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Virtual wish tree from individuals with autism

Society invites donors for ‘Joy of Giving’ week

Jhinuk Mazumdar | Published 12.10.22, 07:16 AM
Some of the items on the wish tree

Some of the items on the wish tree

A set of Peppa Pig books worth Rs 157 to a tablet worth Rs 14,599. These are some of the wishes and needs of individuals with autism.

An organisation working with them has put them up on a virtual wish tree and invited donors.


A single parent whose 13-year-old son is in the same institute has fulfilled the wish of a set of books and a set of acrylic paints. Autism Society West Bengal in collaboration with a foundation has put up the wish tree as part of the Joy of Giving week (October 2 to 8).

The virtual wish tree, however, will be up till the end of this week.

The needs are both small and big and can be fulfilled even by individuals with little means or young people who want to spare a portion of their pocket money.

“The wishes are targeted and it helps donors to connect and engage... There are people who want to know what they are giving the money for,” said Indrani Basu, founder, Autism Society West Bengal.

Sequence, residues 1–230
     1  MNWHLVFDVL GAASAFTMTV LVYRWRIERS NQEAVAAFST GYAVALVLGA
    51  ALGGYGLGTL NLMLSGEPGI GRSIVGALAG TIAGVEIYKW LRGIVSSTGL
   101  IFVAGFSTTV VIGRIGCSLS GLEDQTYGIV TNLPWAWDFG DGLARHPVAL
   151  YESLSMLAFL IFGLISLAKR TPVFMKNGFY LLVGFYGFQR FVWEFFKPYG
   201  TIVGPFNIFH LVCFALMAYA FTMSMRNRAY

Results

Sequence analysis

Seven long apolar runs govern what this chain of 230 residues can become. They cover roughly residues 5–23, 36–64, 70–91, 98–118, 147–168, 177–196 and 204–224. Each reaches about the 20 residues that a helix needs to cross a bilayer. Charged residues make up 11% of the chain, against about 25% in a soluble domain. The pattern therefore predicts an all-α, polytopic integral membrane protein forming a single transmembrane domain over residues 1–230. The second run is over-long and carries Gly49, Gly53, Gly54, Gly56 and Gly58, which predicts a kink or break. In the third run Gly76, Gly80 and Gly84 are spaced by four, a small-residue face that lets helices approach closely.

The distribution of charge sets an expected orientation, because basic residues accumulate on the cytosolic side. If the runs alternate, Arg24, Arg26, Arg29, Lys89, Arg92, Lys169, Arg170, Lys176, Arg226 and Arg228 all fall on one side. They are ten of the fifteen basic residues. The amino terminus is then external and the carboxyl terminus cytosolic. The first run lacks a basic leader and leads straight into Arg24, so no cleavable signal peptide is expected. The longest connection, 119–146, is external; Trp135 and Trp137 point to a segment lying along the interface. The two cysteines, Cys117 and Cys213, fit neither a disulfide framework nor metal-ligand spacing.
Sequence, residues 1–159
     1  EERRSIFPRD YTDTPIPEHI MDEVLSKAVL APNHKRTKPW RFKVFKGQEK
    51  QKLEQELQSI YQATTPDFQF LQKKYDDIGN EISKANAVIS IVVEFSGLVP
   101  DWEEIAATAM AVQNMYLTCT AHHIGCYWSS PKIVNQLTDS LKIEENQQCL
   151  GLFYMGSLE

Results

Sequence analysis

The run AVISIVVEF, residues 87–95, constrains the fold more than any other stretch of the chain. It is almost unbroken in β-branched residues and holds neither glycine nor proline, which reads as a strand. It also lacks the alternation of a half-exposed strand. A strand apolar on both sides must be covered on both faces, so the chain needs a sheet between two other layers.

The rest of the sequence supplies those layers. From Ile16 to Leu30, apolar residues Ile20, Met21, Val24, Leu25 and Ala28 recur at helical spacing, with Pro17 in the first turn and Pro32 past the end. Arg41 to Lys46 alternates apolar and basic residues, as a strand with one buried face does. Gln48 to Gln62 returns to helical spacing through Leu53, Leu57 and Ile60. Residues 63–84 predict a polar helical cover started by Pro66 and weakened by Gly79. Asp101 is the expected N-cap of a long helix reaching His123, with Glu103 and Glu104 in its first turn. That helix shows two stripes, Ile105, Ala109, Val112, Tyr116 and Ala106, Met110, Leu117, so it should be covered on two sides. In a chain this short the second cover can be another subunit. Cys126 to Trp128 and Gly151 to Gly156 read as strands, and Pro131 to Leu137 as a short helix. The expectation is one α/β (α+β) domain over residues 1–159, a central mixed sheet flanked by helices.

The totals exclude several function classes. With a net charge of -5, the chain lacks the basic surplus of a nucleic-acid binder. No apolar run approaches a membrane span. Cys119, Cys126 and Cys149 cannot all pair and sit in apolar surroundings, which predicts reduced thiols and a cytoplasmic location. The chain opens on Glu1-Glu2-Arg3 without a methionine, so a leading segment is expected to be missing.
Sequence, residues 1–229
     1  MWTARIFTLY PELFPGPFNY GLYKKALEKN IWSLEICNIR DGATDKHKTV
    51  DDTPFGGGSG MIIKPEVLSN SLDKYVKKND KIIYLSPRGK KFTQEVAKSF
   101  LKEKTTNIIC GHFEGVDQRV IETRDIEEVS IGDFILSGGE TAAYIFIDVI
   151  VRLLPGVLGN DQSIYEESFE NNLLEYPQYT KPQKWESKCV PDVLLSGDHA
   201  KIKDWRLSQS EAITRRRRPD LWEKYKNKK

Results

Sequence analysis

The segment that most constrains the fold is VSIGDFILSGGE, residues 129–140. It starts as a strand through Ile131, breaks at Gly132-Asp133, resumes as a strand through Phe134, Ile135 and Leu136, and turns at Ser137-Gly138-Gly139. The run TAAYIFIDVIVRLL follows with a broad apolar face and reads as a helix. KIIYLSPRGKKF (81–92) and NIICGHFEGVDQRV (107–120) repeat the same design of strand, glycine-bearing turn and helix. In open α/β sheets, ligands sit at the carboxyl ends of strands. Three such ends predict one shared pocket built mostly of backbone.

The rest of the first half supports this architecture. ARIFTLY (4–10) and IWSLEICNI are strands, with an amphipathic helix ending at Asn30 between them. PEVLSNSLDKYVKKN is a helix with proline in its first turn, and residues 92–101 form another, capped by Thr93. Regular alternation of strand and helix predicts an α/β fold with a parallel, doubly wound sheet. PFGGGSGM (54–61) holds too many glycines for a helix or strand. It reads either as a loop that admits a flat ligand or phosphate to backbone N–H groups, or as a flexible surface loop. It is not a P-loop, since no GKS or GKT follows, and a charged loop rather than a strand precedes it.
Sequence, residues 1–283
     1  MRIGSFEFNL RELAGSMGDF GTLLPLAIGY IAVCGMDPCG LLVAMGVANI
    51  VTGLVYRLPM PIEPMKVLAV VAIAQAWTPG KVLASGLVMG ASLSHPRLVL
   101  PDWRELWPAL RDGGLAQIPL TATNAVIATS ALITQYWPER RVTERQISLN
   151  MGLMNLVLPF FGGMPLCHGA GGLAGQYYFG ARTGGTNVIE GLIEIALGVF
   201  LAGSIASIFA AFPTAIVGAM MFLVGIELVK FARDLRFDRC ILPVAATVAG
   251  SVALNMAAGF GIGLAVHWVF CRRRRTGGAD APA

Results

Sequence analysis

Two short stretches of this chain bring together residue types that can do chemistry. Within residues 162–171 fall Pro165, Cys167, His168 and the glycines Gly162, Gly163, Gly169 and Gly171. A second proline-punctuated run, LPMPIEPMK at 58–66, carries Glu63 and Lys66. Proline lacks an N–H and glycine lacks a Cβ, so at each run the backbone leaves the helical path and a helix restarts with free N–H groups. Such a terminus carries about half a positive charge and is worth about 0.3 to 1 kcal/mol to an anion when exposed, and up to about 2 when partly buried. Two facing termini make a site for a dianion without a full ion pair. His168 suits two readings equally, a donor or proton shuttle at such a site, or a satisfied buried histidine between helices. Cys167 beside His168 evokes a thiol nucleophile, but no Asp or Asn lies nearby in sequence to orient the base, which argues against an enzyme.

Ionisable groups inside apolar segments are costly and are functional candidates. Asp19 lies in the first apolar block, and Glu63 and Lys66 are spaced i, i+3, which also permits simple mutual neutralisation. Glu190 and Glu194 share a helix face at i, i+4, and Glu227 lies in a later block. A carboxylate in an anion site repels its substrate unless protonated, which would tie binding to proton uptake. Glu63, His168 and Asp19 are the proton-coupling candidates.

“When we buy and it is being used by the students we click and send pictures to the donors,” said Basu.

Before the pandemic, the organisation used to put up these trees in schools and malls. The pages of the virtual tree have small needs like a spatula set for a bakery unit, stacking cones or an almirah. Each of the products is listed with the price that is required to purchase the item.

“Last year, there were college students who had come forward to fulfil some wishes. Not all the wishes need a lot of money. We have kept it in a range where even those who are not working can contribute,” said Mitu De, secretary of the society. For Sharmistha Ghosh, the joy of giving something every year matters.

“If I spend about Rs 1,000, I am not spending a lot but I know how much it will be cherished by the students. For me, it is from a sense of affection and bonding,” she said.

De said in most cases, the contributions come from people who have interacted with their students. The society has a social club where every month individuals without autism interact with those with autism.

“There have been college students who have contributed because they feel they are doing it for their friends,” said De.

Last updated on 12.10.22, 07:16 AM

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